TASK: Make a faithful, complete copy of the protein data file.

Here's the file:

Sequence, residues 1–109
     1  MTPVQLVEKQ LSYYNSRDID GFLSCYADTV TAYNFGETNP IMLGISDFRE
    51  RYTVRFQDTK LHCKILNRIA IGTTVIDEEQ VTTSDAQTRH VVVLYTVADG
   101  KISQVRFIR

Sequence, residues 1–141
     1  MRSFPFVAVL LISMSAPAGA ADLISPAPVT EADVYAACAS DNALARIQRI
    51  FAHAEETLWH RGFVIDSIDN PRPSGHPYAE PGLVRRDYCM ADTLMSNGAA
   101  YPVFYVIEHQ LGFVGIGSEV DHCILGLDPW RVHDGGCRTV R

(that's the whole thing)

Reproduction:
Sequence, residues 1–109
     1  MTPVQLVEKQ LSYYNSRDID GFLSCYADTV TAYNFGETNP IMLGISDFRE
    51  RYTVRFQDTK LHCKILNRIA IGTTVIDEEQ VTTSDAQTRH VVVLYTVADG
   101  KISQVRFIR

Sequence, residues 1–141
     1  MRSFPFVAVL LISMSAPAGA ADLISPAPVT EADVYAACAS DNALARIQRI
    51  FAHAEETLWH RGFVIDSIDN PRPSGHPYAE PGLVRRDYCM ADTLMSNGAA
   101  YPVFYVIEHQ LGFVGIGSEV DHCILGLDPW RVHDGGCRTV R